Ariz. tribe wrests with border issue
Facebook Twitter Email

Tohono O'odham Nation police spend most of their days dealing with Mexican nationals who use the Arizona tribe's 4,500-square-mile reservation to enter the U.S.

It wasn't always that way, The Arizona Daily Star reports. Tribal members were often accepting of border crossers, until the number increased, people started dying in the heat and elderly residents were being harassed.

The police feel the ultimate responsibility lies with the federal government. But in many cases, federal authorities are slow to arrive when called about border crossers and the tribe is forced to let detainees go free.

In a letter to the paper, a member of a group which places water jugs for migrants says the tribe and the federal government don't have enough resources to police the tribe's border with Mexico.

The U.S. Border Patrol has sent special agents on the reservation to try and prevent deaths.

Get the Story:
O'odham can't ignore problem (The Arizona Daily Star 6/13)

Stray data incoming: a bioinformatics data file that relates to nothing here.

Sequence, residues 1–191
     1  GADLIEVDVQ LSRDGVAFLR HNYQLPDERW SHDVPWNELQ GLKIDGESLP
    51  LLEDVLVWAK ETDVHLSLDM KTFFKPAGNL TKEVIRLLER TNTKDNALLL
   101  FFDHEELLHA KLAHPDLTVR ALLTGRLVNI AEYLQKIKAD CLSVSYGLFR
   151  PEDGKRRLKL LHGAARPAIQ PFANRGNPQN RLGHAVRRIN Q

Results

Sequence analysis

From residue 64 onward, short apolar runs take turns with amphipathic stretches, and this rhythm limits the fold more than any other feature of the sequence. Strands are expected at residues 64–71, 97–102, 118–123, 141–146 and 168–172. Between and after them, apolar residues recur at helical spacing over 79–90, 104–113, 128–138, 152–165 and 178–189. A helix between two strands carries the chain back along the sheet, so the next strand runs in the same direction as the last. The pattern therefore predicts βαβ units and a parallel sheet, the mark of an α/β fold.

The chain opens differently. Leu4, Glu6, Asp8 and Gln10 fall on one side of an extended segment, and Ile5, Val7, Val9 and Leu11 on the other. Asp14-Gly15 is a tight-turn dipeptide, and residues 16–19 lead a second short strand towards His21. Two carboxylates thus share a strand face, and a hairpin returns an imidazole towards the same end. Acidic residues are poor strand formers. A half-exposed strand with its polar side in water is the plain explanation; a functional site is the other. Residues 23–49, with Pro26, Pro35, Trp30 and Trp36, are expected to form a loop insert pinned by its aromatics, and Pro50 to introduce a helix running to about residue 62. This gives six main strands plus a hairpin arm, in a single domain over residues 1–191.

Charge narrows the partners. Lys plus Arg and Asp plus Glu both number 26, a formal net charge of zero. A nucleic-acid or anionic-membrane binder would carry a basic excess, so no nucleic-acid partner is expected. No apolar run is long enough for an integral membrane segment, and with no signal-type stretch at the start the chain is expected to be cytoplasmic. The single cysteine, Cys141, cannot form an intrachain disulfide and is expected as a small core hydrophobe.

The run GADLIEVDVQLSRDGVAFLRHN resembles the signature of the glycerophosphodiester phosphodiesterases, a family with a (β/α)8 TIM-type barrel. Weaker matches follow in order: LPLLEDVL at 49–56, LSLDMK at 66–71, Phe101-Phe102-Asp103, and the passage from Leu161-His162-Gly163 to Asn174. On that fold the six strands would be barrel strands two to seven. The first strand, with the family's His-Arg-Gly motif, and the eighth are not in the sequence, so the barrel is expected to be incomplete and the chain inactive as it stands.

Letter: Disaster on Tohono O'Odham land (last item) (Tim Holt. The Arizona Daily Star 6/13)
Border rescue efforts get boost (The Arizona Republic 6/13)
Username: IndianzCom, Password:

Related Stories:
Ariz. tribal pastor claims intimidation (6/11)
Border arrests increase on reservation (6/7)
Ariz. tribe pushes citizenship bill (6/4)
Bush announces Mexican border plan (3/22)
Tribal members fear border harassment (11/26)
Tough border policy rejects Mexicans (10/2)
Machines not ready for tough border policy (10/1)
Border policy could affect Tohono O'odham (9/27)
Tohono O'odham elder dies (8/29)
O'odham citizenship bill pushed (6/29)
O'odham delegation on way to D.C. (5/31)
Tribe protests border policies (5/29)
Citizenship for Mexican O'odham sought (1/12)